Brain protein behind depression in pregnancy
Low levels of a brain protein during pregnancy can cause depression in the mother and low birth weight in the baby, a study has found.
Low levels of a brain protein during pregnancy can cause depression in the mother and low birth weight in the baby, a study has found. The findings showed that brain-derived neurotrophic factor (BDNF) commonly known to regulate moods, is also vital for the placenta and a baby's brain development. It constantly changes during pregnancy.
A dip in this protein's levels is behind the depression, which is a common condition during pregnancy. "Our research shows BDNF levels change considerably across pregnancy and provide predictive value for depressive symptoms in women, as well as poor foetal growth," said Lisa M. Christian, Associate Professor at Ohio State University.
For the study, researchers took blood serum samples during and after pregnancy from 139 women and observed that BDNF levels dropped considerably from the first through the third trimesters and subsequently increased at postpartum. The results showed that the lower BDNF levels at both the second and third trimesters predicted greater depressive symptoms in the third trimester.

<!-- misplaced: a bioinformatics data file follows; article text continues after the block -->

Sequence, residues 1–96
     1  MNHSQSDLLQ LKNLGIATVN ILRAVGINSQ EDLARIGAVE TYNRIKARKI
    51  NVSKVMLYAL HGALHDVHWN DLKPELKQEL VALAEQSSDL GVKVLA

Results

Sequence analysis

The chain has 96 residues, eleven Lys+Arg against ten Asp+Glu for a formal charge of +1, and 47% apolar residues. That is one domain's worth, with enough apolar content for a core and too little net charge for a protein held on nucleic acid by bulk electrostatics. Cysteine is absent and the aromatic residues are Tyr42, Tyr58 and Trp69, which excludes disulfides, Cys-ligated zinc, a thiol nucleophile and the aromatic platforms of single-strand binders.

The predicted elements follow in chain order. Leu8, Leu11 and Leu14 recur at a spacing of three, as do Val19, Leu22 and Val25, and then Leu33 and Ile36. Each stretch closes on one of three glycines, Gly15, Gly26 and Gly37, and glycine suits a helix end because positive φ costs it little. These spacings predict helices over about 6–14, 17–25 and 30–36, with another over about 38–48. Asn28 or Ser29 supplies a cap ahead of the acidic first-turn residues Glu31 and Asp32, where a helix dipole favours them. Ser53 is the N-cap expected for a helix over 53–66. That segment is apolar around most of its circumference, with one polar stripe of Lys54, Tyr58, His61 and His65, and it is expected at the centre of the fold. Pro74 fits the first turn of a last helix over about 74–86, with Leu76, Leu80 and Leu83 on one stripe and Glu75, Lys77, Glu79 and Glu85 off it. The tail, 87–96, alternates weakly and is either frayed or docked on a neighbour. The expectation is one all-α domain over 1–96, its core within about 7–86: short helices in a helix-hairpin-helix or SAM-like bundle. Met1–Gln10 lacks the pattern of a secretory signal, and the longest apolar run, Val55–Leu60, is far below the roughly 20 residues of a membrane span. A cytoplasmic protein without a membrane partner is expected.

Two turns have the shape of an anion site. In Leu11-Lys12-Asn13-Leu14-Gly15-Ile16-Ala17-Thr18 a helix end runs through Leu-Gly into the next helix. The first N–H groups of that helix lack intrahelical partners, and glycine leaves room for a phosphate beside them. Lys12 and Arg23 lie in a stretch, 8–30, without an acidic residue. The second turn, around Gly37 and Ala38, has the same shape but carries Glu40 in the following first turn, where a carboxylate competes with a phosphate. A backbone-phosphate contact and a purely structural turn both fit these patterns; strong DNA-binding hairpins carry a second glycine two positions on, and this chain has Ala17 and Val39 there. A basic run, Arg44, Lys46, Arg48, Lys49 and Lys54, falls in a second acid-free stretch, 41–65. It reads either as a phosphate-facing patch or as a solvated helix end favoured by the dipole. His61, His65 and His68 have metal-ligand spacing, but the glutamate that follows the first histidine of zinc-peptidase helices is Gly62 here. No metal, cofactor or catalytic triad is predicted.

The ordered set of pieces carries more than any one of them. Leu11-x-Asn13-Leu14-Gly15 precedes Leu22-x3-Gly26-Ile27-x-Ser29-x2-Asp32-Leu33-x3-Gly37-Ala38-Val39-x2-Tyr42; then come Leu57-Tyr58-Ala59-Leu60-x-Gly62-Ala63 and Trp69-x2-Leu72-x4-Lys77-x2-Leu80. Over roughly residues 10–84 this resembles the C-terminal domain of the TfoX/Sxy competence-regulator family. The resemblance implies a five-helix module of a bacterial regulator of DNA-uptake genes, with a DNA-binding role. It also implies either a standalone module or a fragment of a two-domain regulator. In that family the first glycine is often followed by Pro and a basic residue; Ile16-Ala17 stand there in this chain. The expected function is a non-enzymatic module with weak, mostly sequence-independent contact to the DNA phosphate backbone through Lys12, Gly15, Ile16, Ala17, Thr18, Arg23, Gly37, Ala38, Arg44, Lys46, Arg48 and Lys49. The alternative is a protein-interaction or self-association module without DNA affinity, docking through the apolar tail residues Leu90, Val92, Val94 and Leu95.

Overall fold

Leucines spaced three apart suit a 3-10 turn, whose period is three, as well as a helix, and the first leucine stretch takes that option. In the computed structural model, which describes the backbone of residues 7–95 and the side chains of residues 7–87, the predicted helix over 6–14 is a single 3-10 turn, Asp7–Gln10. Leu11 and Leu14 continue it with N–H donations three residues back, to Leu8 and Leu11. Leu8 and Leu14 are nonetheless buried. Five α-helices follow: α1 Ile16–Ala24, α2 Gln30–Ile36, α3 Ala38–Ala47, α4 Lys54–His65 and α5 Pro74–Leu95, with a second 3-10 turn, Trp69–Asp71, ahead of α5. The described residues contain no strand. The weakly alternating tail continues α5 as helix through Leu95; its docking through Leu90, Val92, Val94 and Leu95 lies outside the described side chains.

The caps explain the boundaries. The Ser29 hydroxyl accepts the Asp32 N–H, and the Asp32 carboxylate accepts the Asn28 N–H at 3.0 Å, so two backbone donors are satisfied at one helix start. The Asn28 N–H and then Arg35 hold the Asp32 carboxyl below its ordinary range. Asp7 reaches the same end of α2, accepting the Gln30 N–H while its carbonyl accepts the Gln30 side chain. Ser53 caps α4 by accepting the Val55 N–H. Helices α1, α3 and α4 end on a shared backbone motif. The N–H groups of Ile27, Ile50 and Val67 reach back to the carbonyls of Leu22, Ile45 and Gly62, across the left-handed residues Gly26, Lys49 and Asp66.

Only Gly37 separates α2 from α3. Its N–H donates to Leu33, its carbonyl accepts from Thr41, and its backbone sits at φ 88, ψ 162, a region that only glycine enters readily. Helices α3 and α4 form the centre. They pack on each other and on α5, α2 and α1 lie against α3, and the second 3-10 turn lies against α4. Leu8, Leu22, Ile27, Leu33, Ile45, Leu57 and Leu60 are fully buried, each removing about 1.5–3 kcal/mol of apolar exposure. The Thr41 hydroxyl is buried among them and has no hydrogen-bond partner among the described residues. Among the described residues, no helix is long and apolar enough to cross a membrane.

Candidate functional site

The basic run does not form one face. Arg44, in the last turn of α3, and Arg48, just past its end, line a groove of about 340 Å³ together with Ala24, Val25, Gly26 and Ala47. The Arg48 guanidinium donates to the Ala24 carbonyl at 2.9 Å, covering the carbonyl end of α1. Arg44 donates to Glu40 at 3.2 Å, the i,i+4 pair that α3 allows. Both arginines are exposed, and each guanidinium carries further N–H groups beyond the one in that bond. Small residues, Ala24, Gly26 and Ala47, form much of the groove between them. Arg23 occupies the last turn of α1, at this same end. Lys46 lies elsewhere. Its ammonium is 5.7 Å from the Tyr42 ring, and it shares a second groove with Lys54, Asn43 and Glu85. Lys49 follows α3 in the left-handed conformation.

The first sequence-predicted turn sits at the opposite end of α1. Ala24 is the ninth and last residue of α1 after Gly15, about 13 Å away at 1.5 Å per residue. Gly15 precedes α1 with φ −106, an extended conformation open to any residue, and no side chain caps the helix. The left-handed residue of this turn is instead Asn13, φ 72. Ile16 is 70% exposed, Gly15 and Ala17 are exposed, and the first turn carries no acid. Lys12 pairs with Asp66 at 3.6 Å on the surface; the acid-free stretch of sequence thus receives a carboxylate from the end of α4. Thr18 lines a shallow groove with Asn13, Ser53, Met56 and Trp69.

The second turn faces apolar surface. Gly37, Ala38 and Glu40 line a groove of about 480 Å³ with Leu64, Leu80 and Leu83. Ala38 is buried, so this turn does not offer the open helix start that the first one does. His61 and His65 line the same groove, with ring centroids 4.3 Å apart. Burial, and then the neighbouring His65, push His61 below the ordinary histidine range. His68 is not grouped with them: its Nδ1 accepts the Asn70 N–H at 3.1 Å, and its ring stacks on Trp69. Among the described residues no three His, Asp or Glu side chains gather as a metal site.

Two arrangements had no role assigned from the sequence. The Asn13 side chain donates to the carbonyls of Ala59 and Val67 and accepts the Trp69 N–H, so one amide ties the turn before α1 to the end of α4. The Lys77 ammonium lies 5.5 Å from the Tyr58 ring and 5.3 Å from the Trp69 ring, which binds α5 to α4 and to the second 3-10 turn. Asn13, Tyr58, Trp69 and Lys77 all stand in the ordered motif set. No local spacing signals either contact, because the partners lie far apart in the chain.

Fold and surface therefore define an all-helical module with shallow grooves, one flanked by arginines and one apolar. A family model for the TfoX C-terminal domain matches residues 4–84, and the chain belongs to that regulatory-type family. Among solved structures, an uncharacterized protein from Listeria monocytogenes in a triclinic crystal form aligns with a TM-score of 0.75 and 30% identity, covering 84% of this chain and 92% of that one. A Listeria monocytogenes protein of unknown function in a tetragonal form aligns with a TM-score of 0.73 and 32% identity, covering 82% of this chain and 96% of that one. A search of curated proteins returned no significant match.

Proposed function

Some antidepressant medications have been shown to increase BDNF levels. However,"this may be appropriate for some pregnant women, but is not without potential risks and side effects," Christian said. Another effective way to increase BDNF levels is through exercise, the researchers stated.
"With approval from physician, staying physically active during pregnancy can help maintain BDNF levels, which has benefits for a woman's mood, as well as for her baby's development," Christian noted. The study was published in the journal Psychoneuroendocrinology.